The New Aristocracy: Soon-To-Be-Wealthy Millennials


Fascinating study (albeit small scale) of the upcoming intergenerational wealth transfer from high-net-worth boomers to their millennial children – and the impact it will have on the real estate market.

25 to 49 year olds with high-net worth boomer parents are expected to receive an average of $3.8 million in inheritance:

  • 16% of this group will inherit $10 million or more
  • 18% will inherit between $5 million and $10 million

They’re expected to purchase large homes in cities

  • 54% prefer urban locations as their personal residence
  • 25% are looking to buy a home sized 5,000 to 7,500 square feet
  • 23% want 20,000 square feet or more.
  • Many are looking for four or more bedrooms and three or more bathrooms
  • Luxury amenities most requested: jacuzzis, top of the line surveillance cameras, commercial-grade kitchen appliances.

Their preference is for loft-style homes with traditional building exteriors but with interiors featuring open spaces, contemporary design and modern conveniences.

The millennial study was done by YouGov, a London-headquartered market research firm, and Luxury Portfolio, a global network of luxury brokerages and comes to us via Mansion Global. Link here.

Bottom Line:

This “New Aristocracy” (as they have been called), will ultimately be larger in number and greater in economic power than the wealthy in the gilded age of the Rockefellers – so look for them to be influential and set trends for a new style of luxury living, design aesthetic, travel, and philanthropy.


READ ON BELOW, for emerging trends in high-end senior housing (the other end of the spectrum) as well as 3 major home design trends for 2018.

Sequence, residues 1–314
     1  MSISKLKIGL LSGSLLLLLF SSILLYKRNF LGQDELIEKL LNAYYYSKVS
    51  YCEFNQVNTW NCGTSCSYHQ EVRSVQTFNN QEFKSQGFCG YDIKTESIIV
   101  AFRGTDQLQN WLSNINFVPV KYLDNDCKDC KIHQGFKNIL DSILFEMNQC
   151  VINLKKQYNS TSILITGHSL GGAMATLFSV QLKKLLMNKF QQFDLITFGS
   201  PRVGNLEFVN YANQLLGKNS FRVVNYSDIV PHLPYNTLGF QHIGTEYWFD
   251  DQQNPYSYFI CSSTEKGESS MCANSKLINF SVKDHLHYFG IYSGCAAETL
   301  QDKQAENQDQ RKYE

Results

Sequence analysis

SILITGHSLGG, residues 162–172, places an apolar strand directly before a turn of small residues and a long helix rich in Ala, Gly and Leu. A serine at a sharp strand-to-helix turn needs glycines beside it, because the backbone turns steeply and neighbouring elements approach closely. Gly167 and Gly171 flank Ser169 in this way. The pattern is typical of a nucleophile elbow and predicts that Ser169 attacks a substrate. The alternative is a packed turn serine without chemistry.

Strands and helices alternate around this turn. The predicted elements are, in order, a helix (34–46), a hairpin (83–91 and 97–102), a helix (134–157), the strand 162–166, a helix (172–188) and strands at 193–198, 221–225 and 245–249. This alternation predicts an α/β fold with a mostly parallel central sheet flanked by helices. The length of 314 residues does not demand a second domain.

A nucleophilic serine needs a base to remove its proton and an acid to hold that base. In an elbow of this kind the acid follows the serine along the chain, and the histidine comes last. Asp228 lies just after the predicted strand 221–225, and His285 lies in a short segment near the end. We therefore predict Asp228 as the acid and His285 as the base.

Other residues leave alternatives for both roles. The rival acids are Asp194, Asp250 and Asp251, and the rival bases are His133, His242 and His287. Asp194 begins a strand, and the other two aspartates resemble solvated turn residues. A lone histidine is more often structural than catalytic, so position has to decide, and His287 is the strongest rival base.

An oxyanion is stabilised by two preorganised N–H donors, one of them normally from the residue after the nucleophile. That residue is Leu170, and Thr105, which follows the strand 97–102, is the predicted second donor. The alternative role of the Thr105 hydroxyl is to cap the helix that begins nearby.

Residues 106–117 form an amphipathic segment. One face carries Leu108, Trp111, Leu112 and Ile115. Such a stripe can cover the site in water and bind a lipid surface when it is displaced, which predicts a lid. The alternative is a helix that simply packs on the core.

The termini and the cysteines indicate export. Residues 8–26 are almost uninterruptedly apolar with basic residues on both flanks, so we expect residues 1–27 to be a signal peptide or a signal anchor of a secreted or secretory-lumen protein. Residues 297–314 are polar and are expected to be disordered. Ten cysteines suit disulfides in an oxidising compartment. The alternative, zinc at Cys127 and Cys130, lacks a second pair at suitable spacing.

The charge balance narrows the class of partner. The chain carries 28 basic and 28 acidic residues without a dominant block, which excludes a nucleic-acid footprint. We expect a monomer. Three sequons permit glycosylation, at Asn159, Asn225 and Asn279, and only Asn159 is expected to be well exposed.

StudioSIX5, an interior design firm focused on senior living facilities, is forecasting the following trends for the upper-end of the senior living market.


The boom of building more urban communities with more public-facing amenities that encourage increased socialization:

  • Public-facing fitness centers
  • Salons
  • Dining areas

Accent pieces and décor with local flavor, creating a sense of history within a space.

  • Mass-produced items have less character and feel less personal.

Less restrictive cooking technologies:

  • Hoodless cooking, sous vide, and induction ranges
  • Farm-to-table offerings

LED lighting:

  • Energy savings
  • Promote healthy sleep patterns
  • Reduce anxiety by aligning lamp color temperature with residents’ circadian rhythms.



More casual (still):

  • Formal furniture for dining, living and bedrooms has dropped by 30%
  • Open floor plans continue to be the biggest trend – across all age groups.


It’s all about the Sink:

  •  Sinks in concrete, stone, copper and granite
  • Darker hues e.g. gray, bronze or black.
  • Trough and bucket styles


Concrete replaces white marble

Already used for floors and countertops, concrete now also showing up in home accessories and furniture. Concrete’s appeal is both rustic (farmhouse) and industrial.

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